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Thursday, 26 February 2015

Walk 128 Torquay to Brixham (Devon)

Walk 128 Torquay to Brixham (Devon)

(Second leg of English coastal walk – Broadstairs to Lands End)

Map: L/R 202
Distance: 11 miles or 16 km approx
Difficulty: moderate
Terrain: road, pavement and coastal path
Access: Parking at both ends
Public transport: 12 bus from Torquay Harbour goes frequently between the two towns.

Follow the seafront in Torquay to The Princes Pier. This was built between 1890-1906 and once had an entertainment complex at the end. Torquay looks out on to Tor Bay – the British fleet was anchored here during the war with France. Officers wives and families came to live in the town and hastened its development.

I found Torquay to be a most welcoming place even though holiday makers are known in these parts as ‘grockles’ ( not sure exactly what it means but it doesn’t sound too complimentary). Look out for the palm trees flourishing here helping to give the area the title ‘The English Riviera’.

Torquay Pavilion, once called The Palace of Pleasures, is near the attractive promenade gardens. Look out for the memorial of Agatha Christie – the museum further back in the town is well worth a visit if you want to find out more about her strong connection with Torquay. Follow the walk around to Torre Abbey Sands then Corlyn’s Beach. Torre Abbey, which is back from the seafront, is a mainly 18th century house with art gallery and museum. It also has a 14th century gatehouse and 12th century barn where Spanish Armada prisoners were locked up.

Take a time to look back at the main part of Torquay. The white buildings have been likened to the layers of a wedding cake. On the way out of Torquay is a small beach called Institute Beach but I can’t find an explanation for this name. The walk from here is on the main road before rejoining the beach road after Hollicombe.

Continue round to the beach huts at Preston Sands and a view to Paignton ahead. As you approach Paignton Sands – the pink sands appear to turn redder as the tide comes in. Paignton developed quickly as a resort when the Torbay and Dartmouth railway opened to passengers in 1859. There is more about this steam railway, now run by volunteers, in the next walk.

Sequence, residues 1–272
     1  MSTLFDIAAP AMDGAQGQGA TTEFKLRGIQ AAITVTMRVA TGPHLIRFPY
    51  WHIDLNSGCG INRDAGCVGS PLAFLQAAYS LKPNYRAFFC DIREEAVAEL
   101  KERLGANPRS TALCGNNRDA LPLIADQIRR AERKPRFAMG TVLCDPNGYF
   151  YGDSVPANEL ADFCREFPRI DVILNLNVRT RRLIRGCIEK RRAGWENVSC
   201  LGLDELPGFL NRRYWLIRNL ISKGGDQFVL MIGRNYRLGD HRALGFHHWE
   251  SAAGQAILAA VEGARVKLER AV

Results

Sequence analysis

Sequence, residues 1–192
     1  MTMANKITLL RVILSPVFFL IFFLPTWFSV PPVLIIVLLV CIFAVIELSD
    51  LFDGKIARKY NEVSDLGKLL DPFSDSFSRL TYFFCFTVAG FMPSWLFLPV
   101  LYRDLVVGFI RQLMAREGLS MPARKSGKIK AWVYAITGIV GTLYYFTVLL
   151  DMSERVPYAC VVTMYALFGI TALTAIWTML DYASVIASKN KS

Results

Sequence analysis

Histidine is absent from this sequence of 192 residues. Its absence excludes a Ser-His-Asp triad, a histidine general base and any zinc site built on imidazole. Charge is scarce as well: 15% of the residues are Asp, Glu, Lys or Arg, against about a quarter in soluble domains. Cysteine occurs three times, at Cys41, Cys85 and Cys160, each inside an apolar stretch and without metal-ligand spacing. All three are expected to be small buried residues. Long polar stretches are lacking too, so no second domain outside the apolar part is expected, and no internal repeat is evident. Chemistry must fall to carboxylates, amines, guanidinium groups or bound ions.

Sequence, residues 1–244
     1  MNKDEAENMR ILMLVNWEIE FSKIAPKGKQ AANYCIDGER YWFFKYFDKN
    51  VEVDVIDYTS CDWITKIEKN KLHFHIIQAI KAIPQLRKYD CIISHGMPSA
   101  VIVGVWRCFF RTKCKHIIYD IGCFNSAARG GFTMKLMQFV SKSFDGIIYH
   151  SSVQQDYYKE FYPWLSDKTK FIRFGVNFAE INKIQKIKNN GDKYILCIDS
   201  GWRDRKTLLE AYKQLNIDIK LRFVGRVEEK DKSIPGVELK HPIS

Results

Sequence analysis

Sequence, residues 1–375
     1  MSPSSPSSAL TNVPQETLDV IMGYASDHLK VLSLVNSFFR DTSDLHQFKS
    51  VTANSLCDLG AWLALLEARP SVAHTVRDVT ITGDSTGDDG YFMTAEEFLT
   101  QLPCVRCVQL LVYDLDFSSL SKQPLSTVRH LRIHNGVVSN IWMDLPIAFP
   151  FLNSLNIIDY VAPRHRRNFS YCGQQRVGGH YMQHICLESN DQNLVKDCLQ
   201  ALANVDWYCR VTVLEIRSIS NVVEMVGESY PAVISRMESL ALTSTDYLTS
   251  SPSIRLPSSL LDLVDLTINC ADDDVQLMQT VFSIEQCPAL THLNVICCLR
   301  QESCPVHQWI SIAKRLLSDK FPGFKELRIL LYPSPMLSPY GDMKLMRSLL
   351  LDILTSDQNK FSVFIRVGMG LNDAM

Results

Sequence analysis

Alongside the promenade at Paignton is a huge grassed area providing a great space for people when the tide comes in. On the way out of Paignton is a colourful terrace of holiday accommodation. To the south of Paignton is the 780 ft. long pier built in 1879. The pavilion at the end was famous for performing Gilbert and Sullivan with the original D’Oyly Carte Company. The pier head was used as a defence during the Second World War. It was revived in 1980 and has thrived since then.

Look out for the impressive Paignton Club at the end of the promenade. This building with its Doric columns was built as a Gentleman’s Club in 1884. Women play more of a part these days! Continue the walk around to Paignton Harbour. Established in the 18th century this was once a thriving fishing port. Now there is a mixture of uses including leisure and fishing trips. The viewing platform which overlooks the harbour is a good place for a rest.

Walking up and out of Paignton look out for Oldbury Mansion, this was built by the sewing machine king, Issac Singer – the building is said to be modelled on Versailles. Further round is Fairy Cove which is a popular little bay with families. Follow the walk around Roundham Head and down to Goodrington Sands. The coastline here alternates between bay and headland. This is mainly because of the difference between hard Devonian limestone resistant to the sea and the softer red sandstone which erodes easily.

The path around Saltern Cove has been diverted to follow the rail line – if you are lucky a steam engine may appear. The walk from here around Broadsands and Elberry Cove is pleasant enough. Fishcombe Cove is a secluded place accessible only by a steep path and is just outside Brixham. On the way from here into Brixham I was stopped by a man who wanted me to visit his free tank museum. I felt a bit guilty about saying no but needed to catch a bus back from Brixham.

Brixham is the final part of Torbay. Look out for the statue of William of Orange who landed here in 1688 to begin The Glorious Revolution. There are many, many boats in the harbour reflecting the fact that Brixham was the country’s leading fishery in the 1880s. More about Brixham in the next walk.

Photos show promenade gardens, Torquay; Institute Beach, Paignton; The Paignton Club; Fishcombe Cove near Brixham









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